I guess I picked the right week to be in Europe.
I guess I picked the right week to be in Europe.
Google said it plans to start charging device makers that want to offer its Play Store and other key Android apps in Europe.
Why it matters: The move follows a European Commission order that Google stop bundling its search engine and browser with its Android apps and store, a ruling Google is appealing, along with the accompanying $5 billion fine.
The big picture: In the past, Google offered all its software free, but if you wanted any of its components — say, YouTube or the Play Store — you had to take the full suite, including search, Chrome, the Play Store and a variety of other Google apps. That remains the situation everywhere else on earth besides Europe (and China, where Google doesn't offer its apps and store).
The details: Google plans to make three big changes to Android licensing in Europe while it appeals the ruling. The changes are effective Oct. 29 for all new smartphones and tablets launched in the European Economic Area.
The core Android operating system (sans Google apps, search and app store) will remain free and open source.
Our thought bubble: On its surface, the move reflects the economic reality that search is where Google makes its money on Android, which it has historically offered free of charge to device makers.
While most people get their e-mail for free from Google or another cloud provider, one startup is betting some people would pay to host their own, provided it could be made easy enough.
After three years in development, Helm is launching a triangle-shaped personal server appliance that the company says can be set up in as little as three minutes.
The device will be sold from the company's website and begin shipping in November.
Recent scandals with Facebook and Google make the timing of the launch ideal, says Helm CEO Giri Sreenivas.
"People are recognizing free doesn’t really mean free," Sreenivas told Axios.
Our thought bubble: The real question is how many people are willing to pay for the privilege (and privacy and security) of hosting their own e-mail.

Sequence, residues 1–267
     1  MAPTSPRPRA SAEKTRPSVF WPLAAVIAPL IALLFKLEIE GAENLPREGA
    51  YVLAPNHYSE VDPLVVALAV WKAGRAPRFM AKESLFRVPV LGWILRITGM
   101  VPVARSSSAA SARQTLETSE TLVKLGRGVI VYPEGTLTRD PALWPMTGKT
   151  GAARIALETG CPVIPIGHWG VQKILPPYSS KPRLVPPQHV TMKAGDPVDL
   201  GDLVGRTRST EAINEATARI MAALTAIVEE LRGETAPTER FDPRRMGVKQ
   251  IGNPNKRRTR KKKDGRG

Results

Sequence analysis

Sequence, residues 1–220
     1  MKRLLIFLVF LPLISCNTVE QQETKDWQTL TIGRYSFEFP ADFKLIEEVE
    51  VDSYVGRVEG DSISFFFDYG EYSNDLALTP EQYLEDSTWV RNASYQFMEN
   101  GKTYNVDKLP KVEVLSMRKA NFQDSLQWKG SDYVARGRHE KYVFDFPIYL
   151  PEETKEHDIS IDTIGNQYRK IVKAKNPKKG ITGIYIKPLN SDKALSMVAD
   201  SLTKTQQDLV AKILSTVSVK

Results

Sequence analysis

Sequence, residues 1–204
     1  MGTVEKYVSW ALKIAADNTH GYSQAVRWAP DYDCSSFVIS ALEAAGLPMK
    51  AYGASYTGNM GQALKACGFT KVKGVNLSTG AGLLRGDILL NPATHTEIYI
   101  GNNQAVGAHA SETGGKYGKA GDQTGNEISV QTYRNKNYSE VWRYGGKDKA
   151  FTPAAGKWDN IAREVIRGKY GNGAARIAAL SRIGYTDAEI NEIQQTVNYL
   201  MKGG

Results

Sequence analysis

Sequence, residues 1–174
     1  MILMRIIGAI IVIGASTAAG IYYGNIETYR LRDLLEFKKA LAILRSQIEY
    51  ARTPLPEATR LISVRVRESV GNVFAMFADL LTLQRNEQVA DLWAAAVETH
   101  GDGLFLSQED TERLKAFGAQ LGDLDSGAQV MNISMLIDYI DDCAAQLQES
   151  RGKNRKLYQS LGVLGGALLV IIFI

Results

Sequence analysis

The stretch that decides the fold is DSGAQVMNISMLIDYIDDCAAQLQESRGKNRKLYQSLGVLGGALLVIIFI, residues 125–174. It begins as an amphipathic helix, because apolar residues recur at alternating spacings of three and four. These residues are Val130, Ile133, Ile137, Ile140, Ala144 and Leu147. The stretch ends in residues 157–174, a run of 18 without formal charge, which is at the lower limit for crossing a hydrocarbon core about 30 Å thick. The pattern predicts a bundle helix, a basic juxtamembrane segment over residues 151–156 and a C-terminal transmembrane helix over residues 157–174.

Why it matters: Not only did advertisers bet heavily on video, so did publishers, especially news organizations which laid off word people to hire video people and then laid off those video people when the ad dollars didn't materialize.
Facebook disputed the lawsuit's claims. "This lawsuit is without merit and we’ve filed a motion to dismiss these claims of fraud. ” a Facebook representative said in a statement to Bloomberg “Suggestions that we in any way tried to hide this issue from our partners are false."
Meanwhile: Facebook also had to correct statements it made to Recode that user information gathered by its Portal video chat device wouldn't be used for advertising.
Bottom line: I think this reaction from GV's M.G. Siegler sums it up best. "Thank you for this beautiful, wooden horse, Facebook! We shall display it prominently in our home!"
Illustration: Rebecca Zisser/Axios
A hostile actor could cause just as much chaos after the midterm elections by making it look like someone had meddled with votes as by actually doing so, security experts say.
Why it matters: Actually hacking votes takes a lot of work. Making it look like you did is a lot easier — and potentially just as effective at upending public confidence in the results, Axios' David McCabe writes.
How it works:
“You could imagine a period of time of chaos after the midterms in which people would be worried as to whether there was a hack because someone is claiming there was a hack, even if there wasn’t,” said Laura Rosenberger, a former National Security Council official who is now the director of the Alliance for Securing Democracy.
The big picture: Experts say that a major goal of election meddling campaigns is to erode trust in democracy rather than to actively shift vote tallies or choose winners and losers.
What they’re saying: Lawmakers who have grappled with the 2016 misinformation campaign indicated they thought it was credible that bad actors could try to convince the public that election results were illegitimate. Some, though, were still wrapping their heads around the possibility.
The bottom line: The potential for someone to sow doubt after the midterms — possibly through some combination of misinformation and attacks on election systems — means that the pressure won’t let up on government officials and Silicon Valley companies responsible for policing election meddling.
Twitter is releasing all the content associated with 4,611 accounts it has tied to two previously announced misinformation campaigns by Russia and Iran — 3,841 accounts linked to Russia's Internet Research Agency, which meddled in the 2016 elections, and 770 that were linked to state-backed activity from Iran, Axios' Shannon Vavra reports.
Why it matters: Twitter says the release is part of an effort to be more transparent about the "information operations" it identifies on the platform and opens up those operations to researchers aiming to understand meddling in U.S. politics.
The big picture: Social media was the primary way Russia leveraged its political influence campaign in the buildup to the 2016 presidential election in the U.S., and the Department of Homeland Security has been pointing to foreign campaigns on social media as a concern for months.
In years past, it was Riley Curry that cute-bombed post-game press conferences. Now, the Warriors have a new awww-star: Draymond Green, Jr.